Some examples of qualitative questions include: 

  • To what extent did X employee meet their goals over the last quarter? 
  • Looking back, what do you feel you could have done better last quarter? How would you have done it, and how will it shape you moving into next quarter?

Quantitative, rating-based questions

Gathering quantitative feedback is as important as qualitative feedback—it will allow you to track changes over time, compare sentiment across departments as well as company-wide, and more.

Some examples of quantitative questions include: 

  • To what degree did this person meet your expectations for their performance? (Scale of 1-5) 
  • How well do you listen to and communicate with others? (Scale of 1-5) 

Note: In many cases, it’s a good idea to offer the opportunity to answer questions both qualitatively and quantitatively. For example, the question “How well do you listen to and communicate with others?” could include both a blank space for a long-answer response as well as a numerical ranking.

Developmental questions 

Reviews aren’t just a way to see if an employee is underperforming. 

The best people-centric organizations use performance management as a means to help their employees grow in their careers, strengthen their skills, and have a better overall employee experience. 

Some examples of developmental questions include: 

  • What is one area where you would like to grow in the coming year? 
  • How can you work with X employee to prepare them to take on Y type of responsibility in the coming year?

Questions related to company sentiment and culture 

On a similar note, use your reviews as a means to get a better understanding of how employees feel about your organization.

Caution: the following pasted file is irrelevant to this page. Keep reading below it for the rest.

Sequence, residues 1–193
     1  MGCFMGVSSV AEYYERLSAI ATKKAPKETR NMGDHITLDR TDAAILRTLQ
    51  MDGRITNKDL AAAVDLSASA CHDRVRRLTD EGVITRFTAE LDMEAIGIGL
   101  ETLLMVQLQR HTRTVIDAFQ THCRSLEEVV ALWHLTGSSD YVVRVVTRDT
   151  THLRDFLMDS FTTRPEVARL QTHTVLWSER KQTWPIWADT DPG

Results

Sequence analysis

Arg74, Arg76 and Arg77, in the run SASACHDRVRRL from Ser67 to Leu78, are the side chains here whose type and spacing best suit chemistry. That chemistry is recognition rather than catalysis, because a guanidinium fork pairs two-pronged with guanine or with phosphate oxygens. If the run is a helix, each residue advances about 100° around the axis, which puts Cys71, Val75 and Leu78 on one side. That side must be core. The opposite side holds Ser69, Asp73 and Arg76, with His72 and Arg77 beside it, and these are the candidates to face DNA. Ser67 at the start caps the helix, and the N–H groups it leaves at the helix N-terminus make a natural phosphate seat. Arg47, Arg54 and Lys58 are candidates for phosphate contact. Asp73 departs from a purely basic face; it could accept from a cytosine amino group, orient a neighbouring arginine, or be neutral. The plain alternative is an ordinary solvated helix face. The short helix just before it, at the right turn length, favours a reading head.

Are they feeling overworked? Are they unclear on the company trajectory? Do they wish company culture was more supportive and growth-focused? 360 reviews can help you find this out. 

Some examples of company sentiment and culture questions include: 

  • Which company value do you feel you embodied most in the previous quarter and why?
  • Do you enjoy coming into the office? What would make your experience working from the office more convenient/enjoyable? 

How to set up a 360 employee review

There are two main ways you can go about setting up your 360 employee review process: 

Build your 360 review process from scratch using a template

If you’d like to go the DIY route, templates are a great place to begin. They’ll give you ideas of what types of questions to ask, and an overall organizational structure that will help you get started. 

We’ve created a free 360 review template to help you get started—click the link to download the template or access it via Google sheets.

Use a performance management tool with 360 review functionality 

As with many aspects of people and workplace management, using a tool specifically designed for performance management will make building your 360 review process easier. 

You’ll be able to customize your review cycles, scale your review process, collect and store historical data, set up instant notifications to alert employees that they need to complete a review (and alert your HR/People team that a review has been completed), and more. 

If you’d like to set up a scalable, customizable 360 performance management process, Eden’s Performance Management has everything you need to get started. Click the button below to book a demo with us to learn more.